### Intuitive explanation for dividing by $n-1$ when calculating standard deviation?

I was asked today in class why you divide the sum of square error by $n-1$ instead of with $n$, when calculating the standard deviation.

I said I am not going to answer it in class (since I didn't wanna go into unbiased estimators), but later I wondered -

**is there**an intuitive explanation for this?!a really elegant, intuitive explanation is presented here (below the proof) https://en.wikipedia.org/wiki/Bessel%27s_correction#Proof_of_correctness_-_Alternate_3 The basic idea is that your observations are, naturally, going to be closer to the sample mean than the population mean.

@Tal, This is why schools suck. You ask them "why *this*?", and they reply "just memorize it".

If you are looking for an intuitive explanation, you should see the reason for yourself by actually taking samples! Watch this, it precisely answers you question. https://www.youtube.com/watch?v=xslIhnquFoE

**tl;dr:** (from top answer:) "...the standard deviation which is calculated using deviations from the sample mean underestimates the desired standard deviation of the population..." See also: https://en.wikipedia.org/wiki/Unbiased_estimation_of_standard_deviation#Bias_correction So, unless you feel like calculating something somewhat complex, just use n-1 if it's from a sample.

Michael Lew Correct answer

10 years agoThe standard deviation calculated with a divisor of $n-1$ is a standard deviation calculated from the sample as an estimate of the standard deviation of the population from which the sample was drawn. Because the observed values fall, on average, closer to the sample mean than to the population mean, the standard deviation which is calculated using deviations from the sample mean underestimates the desired standard deviation of the population. Using $n-1$ instead of $n$ as the divisor corrects for that by making the result a little bit bigger.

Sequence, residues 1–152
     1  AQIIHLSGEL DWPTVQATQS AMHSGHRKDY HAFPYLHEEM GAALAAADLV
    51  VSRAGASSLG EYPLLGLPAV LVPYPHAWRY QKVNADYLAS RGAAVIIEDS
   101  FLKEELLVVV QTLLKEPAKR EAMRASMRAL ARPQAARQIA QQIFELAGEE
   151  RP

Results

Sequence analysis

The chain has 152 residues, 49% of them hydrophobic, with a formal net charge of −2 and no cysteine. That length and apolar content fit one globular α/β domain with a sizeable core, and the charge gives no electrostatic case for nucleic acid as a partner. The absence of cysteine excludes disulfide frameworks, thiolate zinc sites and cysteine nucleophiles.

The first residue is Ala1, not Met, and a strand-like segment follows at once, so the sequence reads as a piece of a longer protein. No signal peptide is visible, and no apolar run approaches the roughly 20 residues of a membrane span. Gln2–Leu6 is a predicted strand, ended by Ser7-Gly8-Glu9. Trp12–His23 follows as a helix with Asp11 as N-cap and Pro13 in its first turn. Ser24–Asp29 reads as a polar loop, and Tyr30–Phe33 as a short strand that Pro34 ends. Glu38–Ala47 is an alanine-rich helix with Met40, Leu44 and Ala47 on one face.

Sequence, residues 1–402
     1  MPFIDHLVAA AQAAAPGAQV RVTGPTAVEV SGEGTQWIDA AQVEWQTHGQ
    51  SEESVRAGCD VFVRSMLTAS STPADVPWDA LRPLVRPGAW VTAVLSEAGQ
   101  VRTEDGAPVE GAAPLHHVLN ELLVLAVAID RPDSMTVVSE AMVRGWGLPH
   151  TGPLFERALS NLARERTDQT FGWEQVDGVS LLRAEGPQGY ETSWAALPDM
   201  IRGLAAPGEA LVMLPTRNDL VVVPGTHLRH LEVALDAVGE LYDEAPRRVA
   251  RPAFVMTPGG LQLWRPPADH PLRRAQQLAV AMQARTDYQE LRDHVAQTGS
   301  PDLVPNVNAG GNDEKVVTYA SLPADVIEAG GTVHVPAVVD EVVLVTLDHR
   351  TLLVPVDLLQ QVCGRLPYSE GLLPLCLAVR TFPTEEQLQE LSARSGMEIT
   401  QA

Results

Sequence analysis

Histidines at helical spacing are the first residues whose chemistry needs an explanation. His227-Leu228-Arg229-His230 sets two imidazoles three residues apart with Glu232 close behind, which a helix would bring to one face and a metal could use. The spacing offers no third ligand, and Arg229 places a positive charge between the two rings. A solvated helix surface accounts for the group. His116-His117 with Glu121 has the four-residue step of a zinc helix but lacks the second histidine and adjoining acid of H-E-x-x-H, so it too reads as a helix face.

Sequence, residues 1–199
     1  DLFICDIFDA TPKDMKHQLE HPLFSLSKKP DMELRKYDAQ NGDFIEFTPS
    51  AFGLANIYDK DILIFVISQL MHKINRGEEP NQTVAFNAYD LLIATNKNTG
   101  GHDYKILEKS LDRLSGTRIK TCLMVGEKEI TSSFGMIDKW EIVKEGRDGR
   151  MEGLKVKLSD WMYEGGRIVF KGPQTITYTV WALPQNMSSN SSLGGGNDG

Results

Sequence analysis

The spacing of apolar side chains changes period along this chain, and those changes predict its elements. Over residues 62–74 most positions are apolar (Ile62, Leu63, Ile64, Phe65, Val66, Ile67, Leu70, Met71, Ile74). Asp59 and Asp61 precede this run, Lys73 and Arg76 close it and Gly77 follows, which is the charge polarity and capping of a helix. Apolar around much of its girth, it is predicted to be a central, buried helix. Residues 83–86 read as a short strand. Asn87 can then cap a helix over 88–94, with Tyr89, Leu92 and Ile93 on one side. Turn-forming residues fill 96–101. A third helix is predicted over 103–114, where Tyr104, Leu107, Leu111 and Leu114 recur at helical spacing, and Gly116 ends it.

Note that the correction has a larger proportional effect when $n$ is small than when it is large, which is what we want because when n is larger the sample mean is likely to be a good estimator of the population mean.

When the sample is the whole population we use the standard deviation with $n$ as the divisor because the sample mean

*is*population mean.(I note parenthetically that nothing that starts with "second moment recentered around a known, definite mean" is going to fulfil the questioner's request for an intuitive explanation.)

Let's not confuse "intuitive" with "nontechnical".

@Michael, This doesn't explain Why do we use `n−1` instead of `n−2` (or even `n−3`)?

@Pacerier Have a look at Whuber's answer below for detail on that point. In essence, the correction is n-1 rather than n-2 etc because the n-1 correction gives results that are very close to what we need. More exact corrections are shown here: http://en.wikipedia.org/wiki/Unbiased_estimation_of_standard_deviation

Hi @Michael, so why deviation calculated from sample mean tends to be smaller than population mean?

"Because the observed values fall, on average, closer to the sample mean than to the population mean, the standard deviation which is calculated using deviations from the sample mean underestimates the desired standard deviation of the population." Why the sample mean always underestimates? What if it overestimates?

Allen and @boramalper It is the standard deviation that is underestimated, not the mean.

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J. M. is not a statistician 10 years ago

I'd like to quote this zinger from the book *Numerical Recipes*: "...if the difference between $n$ and $n-1$ ever matters to you, then you are probably up to no good anyway - e.g., trying to substantiate a questionable hypothesis with marginal data."